I'm going to go against the grain of the other two answers here... It seems entirely viable to me.
For weekend courses you'd possibly do well targeting local business owners, though perhaps one day would work better than both - but I don't know. Small business people frequently don't have any time to be doing courses in the working week. You then make a feature of respecting their overworked week in the marketing!
You could perhaps offer a taster to security issues, help them to understand staff security risks, business security risks and the like, they will pay very well if they feel the need is there. The scare factor of the security risks posed by their staff actions could be the marketing key there.
There's also a possible market in self employed freelancers and contractors, but I suspect they'd be far harder to sell to.
If you target each course at a particular market (lawyers, accountants, media businesses, advertising agencies, etc) you may find take-up is higher as you can pitch the course as being targeted at that particular sector. For example there may be legislative issues that mean lawyers have to take security that bit more seriously, and your marketing can reflect that. Small business owners are also the people who probably have the lowest awareness of such issues, yet could be hurt the most (business closure) by a serious failure.
Thinking laterally a little, if you're weak on sales, marketing and the like, could you not have a chat with one of the professors / tutors in the business faculty? Perhaps you could get some help, pointers, or perhaps try the first one or two as a joint venture. I hesitate to mention it, but maybe even a student in that area could freelance some marketing materials for you.
You may find your local chamber of commerce would be interested in evening or weekend courses for their small business members, and it would be of benefit to you being affiliated through them. This would depend on what training they already provide of course.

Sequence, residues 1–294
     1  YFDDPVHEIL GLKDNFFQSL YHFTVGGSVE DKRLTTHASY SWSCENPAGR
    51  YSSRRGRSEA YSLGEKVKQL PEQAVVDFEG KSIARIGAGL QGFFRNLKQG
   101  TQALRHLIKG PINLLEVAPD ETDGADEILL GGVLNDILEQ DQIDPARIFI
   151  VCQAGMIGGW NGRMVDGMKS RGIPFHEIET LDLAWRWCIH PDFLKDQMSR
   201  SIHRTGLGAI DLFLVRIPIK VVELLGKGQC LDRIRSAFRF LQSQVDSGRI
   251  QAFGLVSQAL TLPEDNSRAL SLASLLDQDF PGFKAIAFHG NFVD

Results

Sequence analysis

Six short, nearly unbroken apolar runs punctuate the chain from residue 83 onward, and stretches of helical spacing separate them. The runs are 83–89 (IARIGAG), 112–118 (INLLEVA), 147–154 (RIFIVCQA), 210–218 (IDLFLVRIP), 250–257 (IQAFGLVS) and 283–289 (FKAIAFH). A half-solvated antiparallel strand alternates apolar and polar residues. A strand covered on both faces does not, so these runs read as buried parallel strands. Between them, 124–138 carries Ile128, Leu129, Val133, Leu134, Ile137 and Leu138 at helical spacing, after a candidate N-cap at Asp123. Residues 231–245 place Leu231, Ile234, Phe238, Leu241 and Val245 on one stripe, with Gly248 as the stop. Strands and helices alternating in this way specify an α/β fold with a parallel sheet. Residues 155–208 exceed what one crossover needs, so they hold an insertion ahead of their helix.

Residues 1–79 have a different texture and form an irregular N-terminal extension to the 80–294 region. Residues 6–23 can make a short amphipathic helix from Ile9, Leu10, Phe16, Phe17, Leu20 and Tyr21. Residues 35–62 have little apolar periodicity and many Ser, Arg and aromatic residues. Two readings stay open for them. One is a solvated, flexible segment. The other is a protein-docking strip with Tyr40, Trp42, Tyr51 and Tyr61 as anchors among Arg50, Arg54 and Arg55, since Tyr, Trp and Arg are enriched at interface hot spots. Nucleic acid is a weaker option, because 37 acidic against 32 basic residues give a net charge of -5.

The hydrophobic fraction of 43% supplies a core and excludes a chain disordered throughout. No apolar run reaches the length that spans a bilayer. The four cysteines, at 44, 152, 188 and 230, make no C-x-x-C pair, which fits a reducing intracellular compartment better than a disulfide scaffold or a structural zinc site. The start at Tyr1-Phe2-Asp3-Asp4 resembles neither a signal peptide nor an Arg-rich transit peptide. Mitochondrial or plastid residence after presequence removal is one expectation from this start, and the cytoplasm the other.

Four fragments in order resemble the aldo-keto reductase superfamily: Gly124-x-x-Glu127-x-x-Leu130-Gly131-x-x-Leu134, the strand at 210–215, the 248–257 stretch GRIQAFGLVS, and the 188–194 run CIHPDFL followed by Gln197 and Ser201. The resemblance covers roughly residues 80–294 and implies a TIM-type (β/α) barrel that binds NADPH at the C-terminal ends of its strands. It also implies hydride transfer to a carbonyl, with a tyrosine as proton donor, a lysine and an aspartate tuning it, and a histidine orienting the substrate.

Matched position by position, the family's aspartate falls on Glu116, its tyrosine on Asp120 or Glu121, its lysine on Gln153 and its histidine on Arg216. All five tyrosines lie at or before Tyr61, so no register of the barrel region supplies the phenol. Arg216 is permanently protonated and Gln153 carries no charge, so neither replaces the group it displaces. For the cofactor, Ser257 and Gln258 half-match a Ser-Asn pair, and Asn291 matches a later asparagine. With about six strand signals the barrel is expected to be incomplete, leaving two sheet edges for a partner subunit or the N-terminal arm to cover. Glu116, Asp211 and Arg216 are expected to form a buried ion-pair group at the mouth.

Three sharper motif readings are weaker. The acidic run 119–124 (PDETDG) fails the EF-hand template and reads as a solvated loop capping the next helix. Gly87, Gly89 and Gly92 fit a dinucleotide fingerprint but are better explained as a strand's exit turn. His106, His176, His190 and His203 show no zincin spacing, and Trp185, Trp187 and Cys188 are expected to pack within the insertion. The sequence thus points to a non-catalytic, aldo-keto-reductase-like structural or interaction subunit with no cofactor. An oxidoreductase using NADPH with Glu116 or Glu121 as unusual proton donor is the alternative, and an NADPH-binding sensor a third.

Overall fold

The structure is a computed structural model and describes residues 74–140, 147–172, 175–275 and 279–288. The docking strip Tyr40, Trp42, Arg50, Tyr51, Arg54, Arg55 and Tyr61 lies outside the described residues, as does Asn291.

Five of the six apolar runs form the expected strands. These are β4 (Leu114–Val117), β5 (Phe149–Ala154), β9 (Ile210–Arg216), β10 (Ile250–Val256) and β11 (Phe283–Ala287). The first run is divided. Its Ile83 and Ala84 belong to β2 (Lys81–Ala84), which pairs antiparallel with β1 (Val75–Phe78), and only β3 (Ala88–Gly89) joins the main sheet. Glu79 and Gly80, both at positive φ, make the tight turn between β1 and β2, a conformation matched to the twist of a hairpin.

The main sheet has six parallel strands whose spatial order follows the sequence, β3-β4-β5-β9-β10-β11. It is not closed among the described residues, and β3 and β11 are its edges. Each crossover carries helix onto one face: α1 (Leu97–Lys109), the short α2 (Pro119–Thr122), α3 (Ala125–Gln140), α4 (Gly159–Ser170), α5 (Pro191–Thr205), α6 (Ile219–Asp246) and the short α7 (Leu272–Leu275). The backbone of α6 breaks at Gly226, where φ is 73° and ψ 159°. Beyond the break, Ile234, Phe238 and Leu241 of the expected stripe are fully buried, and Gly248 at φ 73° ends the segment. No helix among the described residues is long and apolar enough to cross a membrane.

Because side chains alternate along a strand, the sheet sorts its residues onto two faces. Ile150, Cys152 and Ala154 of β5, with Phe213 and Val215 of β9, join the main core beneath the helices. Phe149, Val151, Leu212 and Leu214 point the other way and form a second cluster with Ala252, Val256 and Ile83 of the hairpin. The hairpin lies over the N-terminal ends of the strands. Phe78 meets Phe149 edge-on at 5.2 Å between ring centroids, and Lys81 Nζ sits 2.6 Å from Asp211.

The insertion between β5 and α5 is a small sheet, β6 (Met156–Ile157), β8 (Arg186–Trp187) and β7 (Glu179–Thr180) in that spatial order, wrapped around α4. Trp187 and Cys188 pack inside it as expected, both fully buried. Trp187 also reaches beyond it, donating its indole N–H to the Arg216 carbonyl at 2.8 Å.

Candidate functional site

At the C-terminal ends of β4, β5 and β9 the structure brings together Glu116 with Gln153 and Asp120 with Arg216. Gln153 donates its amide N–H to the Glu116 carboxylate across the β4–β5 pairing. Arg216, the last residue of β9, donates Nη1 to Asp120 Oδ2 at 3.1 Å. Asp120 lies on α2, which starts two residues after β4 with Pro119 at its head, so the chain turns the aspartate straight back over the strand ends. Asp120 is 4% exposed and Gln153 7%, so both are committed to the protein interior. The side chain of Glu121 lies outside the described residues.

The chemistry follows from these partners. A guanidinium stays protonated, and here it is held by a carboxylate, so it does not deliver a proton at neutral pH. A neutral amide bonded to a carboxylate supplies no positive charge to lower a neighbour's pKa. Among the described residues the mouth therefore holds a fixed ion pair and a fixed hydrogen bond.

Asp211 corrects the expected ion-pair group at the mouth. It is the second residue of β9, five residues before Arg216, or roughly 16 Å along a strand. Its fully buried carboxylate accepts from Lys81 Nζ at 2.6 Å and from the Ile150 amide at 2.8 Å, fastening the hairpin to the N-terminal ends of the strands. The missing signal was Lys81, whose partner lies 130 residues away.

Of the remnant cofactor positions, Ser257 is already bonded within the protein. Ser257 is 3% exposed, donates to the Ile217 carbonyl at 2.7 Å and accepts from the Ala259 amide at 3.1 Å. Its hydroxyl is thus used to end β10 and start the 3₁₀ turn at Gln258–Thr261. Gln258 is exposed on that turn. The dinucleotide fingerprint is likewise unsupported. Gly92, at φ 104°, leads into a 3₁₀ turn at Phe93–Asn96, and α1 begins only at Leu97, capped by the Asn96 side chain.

A basic website to get more information, some flyers and targeted materials and you could easily find a niche here. Some worthwhile handouts and check-lists for them to take away, and some follow up resources on the website perhaps. Don't forget a decent end of course questionnaire to ensure you're meeting the need, and to identify possible follow up courses.
Don't let not being well known put you off either - 30 years experience is ample, and university professor is excellent credentials - after all so many commercial training courses use a 25yo lecturer with little experience of the field, and less than 6 months actual experience outside of delivering courses. You have a selling point, and should try using it.
There's going to be quite a bit of work putting the first couple together, but once you have the materials, and the shape of the course settled the overhead is marginal, aside from periodic updating of sections to ensure it remains topical and timely.
Possibly a naive question to close, as I don't know contracts or limitations in US universities, but does your own time of evenings and weekends count as pursuing outside opportunities? Superficially it seems the overhead of preparing materials etc needn't count, but obviously the courses will.